Clouds are not secure, clouds are not reliable (Part 2 of 2)

It is possible to offer resilience in cloud platforms, in applications that leverage them, or both.
Written by George D. Watt,, Contributor on
Commentary -Dispelling two very common myths about clouds.

Part 1 of this article mentioned that a Bloomberg Businessweek article titled “Cloud Security Is Looking Overcast” had prompted me to expand my list of cloud computing myths. It discussed the common myth that (public) clouds are inherently insecure. The article also prompted me to consider another common “myth-conception”.

Myth: (Public) cloud services are not resilient
News of recent disruptions at some of the more well-known cloud providers has lead to concerns regarding cloud resilience. These concerns are, of course, legitimate but in the interest of brevity, the points here are very similar to those related to security (as discussed in Part 1). Without question, components will fail. As I discussed in a previous article, a key question is "will anyone notice?" Resilience can be addressed in many ways (in the cloud service, in the business application...), and that is a topic too large to address fully here though in many cases, cloud providers, again due to their size, volume, and business model, will be able to offer much stronger resilience, or at least a better platform for resilience, than some businesses on their own. Aaron Ricadela, the Businessweek story author, offers an example of this, Gmail's record of 99.99 percent uptime (less than five minutes down per month) in 2010. Some would argue that is too much down time, though many businesses would be significantly challenged to deliver that level of resilience.

Again, that is not to say that resilience issues will never surface. As Marc Benioff discussed in his book, “Behind the Cloud,” even cloud pioneer Salesforce.com had performance issues as they grew. (In the book Benioff shares the interesting story of how they responded, first incorrectly; and how a much more transparent, customer-centric response, one that led to the creation of trust.salesforce.com, delivered a better solution.)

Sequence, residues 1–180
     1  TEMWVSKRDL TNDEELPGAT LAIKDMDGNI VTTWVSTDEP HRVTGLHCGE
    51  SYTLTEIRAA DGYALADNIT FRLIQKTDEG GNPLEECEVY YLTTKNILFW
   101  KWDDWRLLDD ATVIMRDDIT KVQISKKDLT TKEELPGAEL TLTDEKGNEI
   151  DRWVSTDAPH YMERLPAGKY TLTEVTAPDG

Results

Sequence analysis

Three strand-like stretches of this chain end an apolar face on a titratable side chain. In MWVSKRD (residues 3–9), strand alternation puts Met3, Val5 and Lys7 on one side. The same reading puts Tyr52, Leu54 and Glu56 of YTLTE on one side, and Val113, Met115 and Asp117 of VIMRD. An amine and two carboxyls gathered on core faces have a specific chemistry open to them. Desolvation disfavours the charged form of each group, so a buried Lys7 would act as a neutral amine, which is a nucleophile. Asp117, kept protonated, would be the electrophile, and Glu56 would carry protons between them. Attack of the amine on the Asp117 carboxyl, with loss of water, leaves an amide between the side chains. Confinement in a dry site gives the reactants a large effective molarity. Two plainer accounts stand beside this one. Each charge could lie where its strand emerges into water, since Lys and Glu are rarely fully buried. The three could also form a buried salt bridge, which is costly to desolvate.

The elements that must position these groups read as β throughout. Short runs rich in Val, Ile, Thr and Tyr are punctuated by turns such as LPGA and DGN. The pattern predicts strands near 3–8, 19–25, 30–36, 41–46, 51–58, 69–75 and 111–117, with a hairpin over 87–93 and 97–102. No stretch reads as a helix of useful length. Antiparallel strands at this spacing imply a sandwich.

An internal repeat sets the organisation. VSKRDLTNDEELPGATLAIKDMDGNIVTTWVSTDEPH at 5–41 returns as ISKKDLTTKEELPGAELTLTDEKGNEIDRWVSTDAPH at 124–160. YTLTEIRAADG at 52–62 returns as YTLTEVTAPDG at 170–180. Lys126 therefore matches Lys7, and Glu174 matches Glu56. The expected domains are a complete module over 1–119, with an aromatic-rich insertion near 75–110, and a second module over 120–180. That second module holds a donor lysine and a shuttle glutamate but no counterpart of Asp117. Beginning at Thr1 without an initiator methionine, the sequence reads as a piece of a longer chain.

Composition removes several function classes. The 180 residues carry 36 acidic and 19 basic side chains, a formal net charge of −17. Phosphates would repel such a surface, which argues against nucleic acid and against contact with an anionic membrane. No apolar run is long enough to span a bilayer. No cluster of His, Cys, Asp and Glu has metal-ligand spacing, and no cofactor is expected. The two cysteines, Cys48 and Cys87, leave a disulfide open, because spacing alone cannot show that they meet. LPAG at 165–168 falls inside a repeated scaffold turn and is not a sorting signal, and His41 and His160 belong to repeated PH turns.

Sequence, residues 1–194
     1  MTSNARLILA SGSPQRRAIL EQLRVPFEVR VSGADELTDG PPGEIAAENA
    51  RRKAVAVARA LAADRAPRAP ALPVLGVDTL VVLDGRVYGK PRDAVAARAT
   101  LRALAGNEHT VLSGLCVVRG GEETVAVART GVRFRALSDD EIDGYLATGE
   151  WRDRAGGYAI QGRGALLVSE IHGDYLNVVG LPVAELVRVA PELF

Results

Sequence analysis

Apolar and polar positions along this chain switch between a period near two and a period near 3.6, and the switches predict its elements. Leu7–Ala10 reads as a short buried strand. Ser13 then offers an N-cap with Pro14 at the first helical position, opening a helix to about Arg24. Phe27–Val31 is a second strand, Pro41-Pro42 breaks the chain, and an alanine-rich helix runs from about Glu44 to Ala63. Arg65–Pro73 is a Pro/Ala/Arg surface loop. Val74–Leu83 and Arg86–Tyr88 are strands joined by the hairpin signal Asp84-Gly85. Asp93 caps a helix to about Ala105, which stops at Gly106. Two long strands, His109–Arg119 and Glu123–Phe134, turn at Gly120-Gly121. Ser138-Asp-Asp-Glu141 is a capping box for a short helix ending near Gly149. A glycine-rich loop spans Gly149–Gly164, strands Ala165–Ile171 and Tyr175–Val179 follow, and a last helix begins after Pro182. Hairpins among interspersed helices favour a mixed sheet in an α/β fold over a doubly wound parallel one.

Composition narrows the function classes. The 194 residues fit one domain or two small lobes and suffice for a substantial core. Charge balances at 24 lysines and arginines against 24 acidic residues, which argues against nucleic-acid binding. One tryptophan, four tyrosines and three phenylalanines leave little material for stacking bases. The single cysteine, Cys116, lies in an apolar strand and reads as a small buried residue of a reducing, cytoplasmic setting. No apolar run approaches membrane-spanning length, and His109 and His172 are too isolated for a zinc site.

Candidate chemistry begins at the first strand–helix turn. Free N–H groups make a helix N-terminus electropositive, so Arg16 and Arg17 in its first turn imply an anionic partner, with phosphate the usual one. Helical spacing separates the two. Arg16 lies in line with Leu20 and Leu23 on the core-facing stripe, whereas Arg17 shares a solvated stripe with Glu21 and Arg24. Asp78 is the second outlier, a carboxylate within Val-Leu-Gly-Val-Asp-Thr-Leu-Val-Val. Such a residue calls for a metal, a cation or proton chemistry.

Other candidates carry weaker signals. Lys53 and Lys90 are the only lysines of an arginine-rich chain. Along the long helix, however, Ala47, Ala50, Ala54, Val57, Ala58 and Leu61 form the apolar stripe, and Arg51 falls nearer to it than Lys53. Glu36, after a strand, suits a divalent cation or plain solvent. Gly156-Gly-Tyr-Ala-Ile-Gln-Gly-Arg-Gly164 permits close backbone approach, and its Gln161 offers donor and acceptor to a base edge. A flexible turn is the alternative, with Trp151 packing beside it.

While it is also true that some clouds may not offer the resilience that a specific business may require or desire, to state that no cloud is sufficiently resilient for business would be inaccurate.

As well, failures can and do occur in cloud and non-cloud environments, both on-premise and with a third-party. And organizations are changing the way business continuity is addressed in their applications. Application architects are now designing "cloud-savvy" resilience into their solutions that can respond to cloud platform failures, (e.g.: Netflix “Rambo Architecture” and its use of “Chaos Monkeys”) ensure resilience and business continuity even when components fail.

So, it is possible to offer resilience in cloud platforms, in applications that leverage them, or both. Though it's not "free,” it's not free in non-cloud environments either. Any resilient solution requires good planning and design; and resilient solutions will cost more. We should also keep in mind that not every application requires the same level of resilience, or security for that matter.

"Never Say Never Again"
Unlike some self-evident truths, not all clouds are created equal. Some are (or can be) very secure. Some are less secure, or not sufficiently secure to meet the requirements of certain applications. Some are not resilient, some are very resilient; and businesses can construct resilient applications that can leverage cloud platforms. Of course, the same can be said of private, on-premise services (cloud or not). Just ask the team at Sony, or any of the other businesses recently attacked that have made recent headlines.

I am not suggesting for businesses to always choose cloud for the sake of cloud... but at the same time, we should "never say never" to cloud. (Apologies to Ian Fleming for borrowing a movie title; a quick search shows I am certainly not the first.) We must keep an open mind to solutions that might offer value to our businesses and the consumers they serve regardless of whether or not we consider them to be cloud-based solutions.

We also need to consider key details such as application and platform security, built-in and "built-on" resilience, service level agreements, contractual commitments, and vendor reputation and track record.

Finally, we must remember that not all services and applications require the same level of service, resilience, and security. And once a provider is chosen, it is prudent to “trust and verify.” We cannot abdicate the duty of care for our customers solely to our providers and suppliers.

In general, I agree with Ricadela's article. It compelled me to further discuss some of these cloud "myths", and I am certain that I am only scratching the surface.

George Watt (@GeorgeDWatt) is VP of Strategy, Cloud at CA Technologies. For nearly 25 years, George has been helping customers simplify and automate their complex IT infrastructures.

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